Stephen Lloyd MP writes… A better future for our coastal communities and inshore waters

imageFor the past few years in my role as MP for Eastbourne, I have been working with residents and councillors from across the political spectrum on an outstanding, £80million redevelopment plan for Eastbourne’s harbour. Together we have drawn up plans which aim to bring 1,500 jobs, new and affordable housing, as well as leisure activities to the community.

Eastbourne, like so many other towns on the coast, has suffered a great deal during the past few years as a result of the recession; but these harbour plans are a clear sign that things are getting better as we begin to grasp the huge potential that living on the coast has to offer. Integral to the Sovereign Harbour plans is a brilliant initiative, led by fishermen from the area, to include a fishing quay with a visitors centre. This will bring significant benefits to the local fishing industry, as well as transform the character of the harbour giving it a lively, working atmosphere – contributing to tourism in the area.

However, the overall picture for our small-scale fishermen – and the small-scale boats across the country making up nearly 80% of the UK’s overall fleet – is not an optimistic one. Plans like ours for Eastbourne’s harbour can only go so far to support local fishermen. But they are such an important part of our cultural and industrial heritage and are also capable of giving coastal communities a much needed additional economic boost.

Recently, I signed up to become a Coastal Champion; advocating the policy recommendations laid out by the New Under Ten Fishermen’s Association (NUTFA) and Greenpeace in their joint action plan, ‘Championing Coastal Waters and Communities’. The plan focuses on five key demands relating to the implementation of the new, reformed Common Fisheries Policy (CFP) – the reforms to which represent a landmark achievement by this Government.

The central theme to this action plan is that the new CFP presents a perfect opportunity to support low impact fishermen, who have been working on the sea for generations and who represent the vast majority of the UK’s fishing fleet but receive so little of the UK’s fishing quota (just 4% last year). Over the next year we have the chance to fix a system that’s been broken for too long. We must ensure representation for this sector at the highest levels of negotiation; favouring this fleet when allocating fishing quota; prioritising access for their boats in our inshore waters. It is vital that we properly consult the small scale fleet over ways to restore fish stocks and protect the marine environment which benefits them in the long term, whilst protecting such a valuable resource.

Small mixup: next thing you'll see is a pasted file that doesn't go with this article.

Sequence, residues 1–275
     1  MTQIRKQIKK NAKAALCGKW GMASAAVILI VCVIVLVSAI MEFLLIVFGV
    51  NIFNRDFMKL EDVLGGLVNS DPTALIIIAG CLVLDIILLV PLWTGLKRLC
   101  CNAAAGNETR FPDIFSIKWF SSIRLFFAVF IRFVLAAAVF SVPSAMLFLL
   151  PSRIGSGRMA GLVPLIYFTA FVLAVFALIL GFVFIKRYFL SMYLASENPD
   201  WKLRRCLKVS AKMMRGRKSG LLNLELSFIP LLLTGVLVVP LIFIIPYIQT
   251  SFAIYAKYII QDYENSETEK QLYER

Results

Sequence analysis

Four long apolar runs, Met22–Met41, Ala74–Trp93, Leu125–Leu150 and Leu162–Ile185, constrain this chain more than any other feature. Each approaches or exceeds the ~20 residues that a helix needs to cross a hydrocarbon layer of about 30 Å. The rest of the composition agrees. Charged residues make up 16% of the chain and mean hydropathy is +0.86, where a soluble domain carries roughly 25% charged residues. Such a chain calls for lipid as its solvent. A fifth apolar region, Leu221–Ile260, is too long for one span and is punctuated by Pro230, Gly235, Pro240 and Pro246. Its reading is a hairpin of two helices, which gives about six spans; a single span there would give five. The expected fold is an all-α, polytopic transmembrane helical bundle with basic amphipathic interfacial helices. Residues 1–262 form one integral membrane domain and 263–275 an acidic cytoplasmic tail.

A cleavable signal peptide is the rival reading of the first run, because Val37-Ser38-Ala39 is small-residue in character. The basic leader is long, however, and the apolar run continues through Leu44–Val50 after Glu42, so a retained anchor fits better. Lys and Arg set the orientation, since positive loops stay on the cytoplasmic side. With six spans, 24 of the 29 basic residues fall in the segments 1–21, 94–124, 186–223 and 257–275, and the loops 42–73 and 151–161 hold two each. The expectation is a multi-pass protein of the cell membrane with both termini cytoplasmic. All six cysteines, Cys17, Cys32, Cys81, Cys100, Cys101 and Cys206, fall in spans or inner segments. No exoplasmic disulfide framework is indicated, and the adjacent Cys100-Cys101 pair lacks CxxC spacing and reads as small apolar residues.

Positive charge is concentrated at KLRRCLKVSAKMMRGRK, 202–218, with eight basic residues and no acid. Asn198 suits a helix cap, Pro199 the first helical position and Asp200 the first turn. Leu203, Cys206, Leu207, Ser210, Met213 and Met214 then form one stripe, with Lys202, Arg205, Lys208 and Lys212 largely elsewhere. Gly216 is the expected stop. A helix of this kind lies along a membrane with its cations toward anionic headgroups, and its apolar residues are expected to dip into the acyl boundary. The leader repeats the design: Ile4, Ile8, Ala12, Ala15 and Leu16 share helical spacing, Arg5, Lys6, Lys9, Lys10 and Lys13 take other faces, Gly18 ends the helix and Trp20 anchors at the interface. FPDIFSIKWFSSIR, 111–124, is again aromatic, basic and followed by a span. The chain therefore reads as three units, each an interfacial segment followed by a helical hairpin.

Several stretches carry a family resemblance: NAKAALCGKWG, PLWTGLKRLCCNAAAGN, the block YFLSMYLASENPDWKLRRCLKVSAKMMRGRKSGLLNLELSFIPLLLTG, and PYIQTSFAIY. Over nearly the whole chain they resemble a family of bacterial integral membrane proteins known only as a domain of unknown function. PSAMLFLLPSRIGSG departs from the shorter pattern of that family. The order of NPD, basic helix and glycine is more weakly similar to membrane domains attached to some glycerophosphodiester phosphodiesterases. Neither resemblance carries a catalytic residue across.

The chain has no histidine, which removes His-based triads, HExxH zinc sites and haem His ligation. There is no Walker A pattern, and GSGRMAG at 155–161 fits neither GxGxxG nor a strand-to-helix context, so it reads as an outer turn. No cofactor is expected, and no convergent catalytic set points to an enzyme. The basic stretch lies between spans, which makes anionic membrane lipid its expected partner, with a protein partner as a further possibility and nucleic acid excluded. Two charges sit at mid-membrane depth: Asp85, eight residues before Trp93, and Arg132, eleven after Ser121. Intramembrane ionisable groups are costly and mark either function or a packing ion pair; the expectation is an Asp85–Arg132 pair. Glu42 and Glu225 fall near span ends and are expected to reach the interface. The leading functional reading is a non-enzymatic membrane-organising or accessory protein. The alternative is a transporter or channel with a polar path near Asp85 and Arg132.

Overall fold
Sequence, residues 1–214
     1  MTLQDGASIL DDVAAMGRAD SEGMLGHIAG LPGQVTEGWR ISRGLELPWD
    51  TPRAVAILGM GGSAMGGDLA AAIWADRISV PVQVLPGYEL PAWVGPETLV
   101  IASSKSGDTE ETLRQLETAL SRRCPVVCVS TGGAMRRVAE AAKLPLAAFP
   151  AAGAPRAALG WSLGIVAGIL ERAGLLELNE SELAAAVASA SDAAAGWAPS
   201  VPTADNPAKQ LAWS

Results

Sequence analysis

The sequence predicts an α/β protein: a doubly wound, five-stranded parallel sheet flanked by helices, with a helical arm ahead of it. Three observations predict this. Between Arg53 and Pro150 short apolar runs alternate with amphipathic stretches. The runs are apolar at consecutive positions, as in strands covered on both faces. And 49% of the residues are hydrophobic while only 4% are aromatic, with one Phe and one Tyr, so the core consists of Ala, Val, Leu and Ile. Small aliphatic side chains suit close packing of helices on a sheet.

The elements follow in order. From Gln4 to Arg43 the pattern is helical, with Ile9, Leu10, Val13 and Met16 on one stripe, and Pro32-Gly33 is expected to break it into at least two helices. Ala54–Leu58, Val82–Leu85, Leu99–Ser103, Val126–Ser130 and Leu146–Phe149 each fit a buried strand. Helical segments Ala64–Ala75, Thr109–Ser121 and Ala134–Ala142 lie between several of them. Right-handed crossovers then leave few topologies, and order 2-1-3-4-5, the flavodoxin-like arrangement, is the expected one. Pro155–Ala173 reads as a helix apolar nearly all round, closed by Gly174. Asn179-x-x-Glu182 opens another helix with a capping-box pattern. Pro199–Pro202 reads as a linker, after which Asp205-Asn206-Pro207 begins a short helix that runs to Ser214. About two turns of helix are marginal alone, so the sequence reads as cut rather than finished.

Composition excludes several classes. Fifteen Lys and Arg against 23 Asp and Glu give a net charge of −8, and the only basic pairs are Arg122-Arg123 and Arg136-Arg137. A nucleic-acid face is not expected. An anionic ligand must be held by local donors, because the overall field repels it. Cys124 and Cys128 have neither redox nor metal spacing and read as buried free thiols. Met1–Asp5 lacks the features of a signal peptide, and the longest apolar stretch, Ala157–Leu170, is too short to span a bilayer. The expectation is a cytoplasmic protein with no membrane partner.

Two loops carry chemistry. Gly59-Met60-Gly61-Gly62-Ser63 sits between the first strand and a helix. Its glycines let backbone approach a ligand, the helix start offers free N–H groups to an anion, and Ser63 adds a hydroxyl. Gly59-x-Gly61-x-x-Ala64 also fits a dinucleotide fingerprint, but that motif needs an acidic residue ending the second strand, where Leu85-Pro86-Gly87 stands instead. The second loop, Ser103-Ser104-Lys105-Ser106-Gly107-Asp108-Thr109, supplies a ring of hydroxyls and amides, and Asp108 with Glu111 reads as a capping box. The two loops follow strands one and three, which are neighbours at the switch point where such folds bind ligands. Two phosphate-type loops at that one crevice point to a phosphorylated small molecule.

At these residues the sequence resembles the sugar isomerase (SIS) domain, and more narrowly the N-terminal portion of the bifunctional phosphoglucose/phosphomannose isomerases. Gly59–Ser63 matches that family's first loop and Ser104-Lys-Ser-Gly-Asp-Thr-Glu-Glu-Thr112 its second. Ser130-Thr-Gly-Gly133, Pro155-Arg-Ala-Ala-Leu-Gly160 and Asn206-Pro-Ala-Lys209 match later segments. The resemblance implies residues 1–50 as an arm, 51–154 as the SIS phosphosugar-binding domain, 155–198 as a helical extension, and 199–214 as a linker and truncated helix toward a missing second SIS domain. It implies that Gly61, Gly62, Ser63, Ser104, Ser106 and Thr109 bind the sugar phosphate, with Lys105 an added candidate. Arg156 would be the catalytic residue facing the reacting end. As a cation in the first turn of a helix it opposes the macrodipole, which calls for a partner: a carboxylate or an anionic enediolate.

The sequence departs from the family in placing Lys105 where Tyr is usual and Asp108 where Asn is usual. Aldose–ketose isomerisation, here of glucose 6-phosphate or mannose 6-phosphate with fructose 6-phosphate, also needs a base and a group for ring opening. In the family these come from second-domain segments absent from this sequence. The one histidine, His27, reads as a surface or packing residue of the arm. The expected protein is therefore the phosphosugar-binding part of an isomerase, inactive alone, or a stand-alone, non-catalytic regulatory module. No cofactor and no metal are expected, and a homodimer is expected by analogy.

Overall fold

These proposals are not unrealistic, nor are they far-fetched – they are the sensible conclusions with a strong legal basis in the reformed Common Fisheries Policy. They promise to reinvigorate the UK’s fishing industry by providing job security, increasing jobs in the sector and giving local fishermen enough catch to earn living. Due to the fact that the boats are smaller, and so the fishing gear is more selective and less environmentally damaging, these proposals will also help protect the marine environment.

The hard work of reforming the Common Fisheries Policy – highly problematic for so many years – has been done; now is the time for action. Putting local fishermen first just makes sense both economically and environmentally. I look forward to working with colleagues from across all parties to push for these policies to be adopted because I know what a difference it will make – in Eastbourne’s new harbour, and in many other coastal communities.

PHoto above of Eastbourne Soverign harbour Some rights reserved by ukelt

* Stephen Lloyd was MP for Eastbourne and Willingdon until 2015. He was chair of the All Party Parliamentary Group on Religious Education. In March 2013 the Group published a report called ‘RE: the truth unmasked’ on the supply of and support for RE teachers. In June 2013 Stephen tabled an Early Day Motion on RE’s role in tackling extremism.

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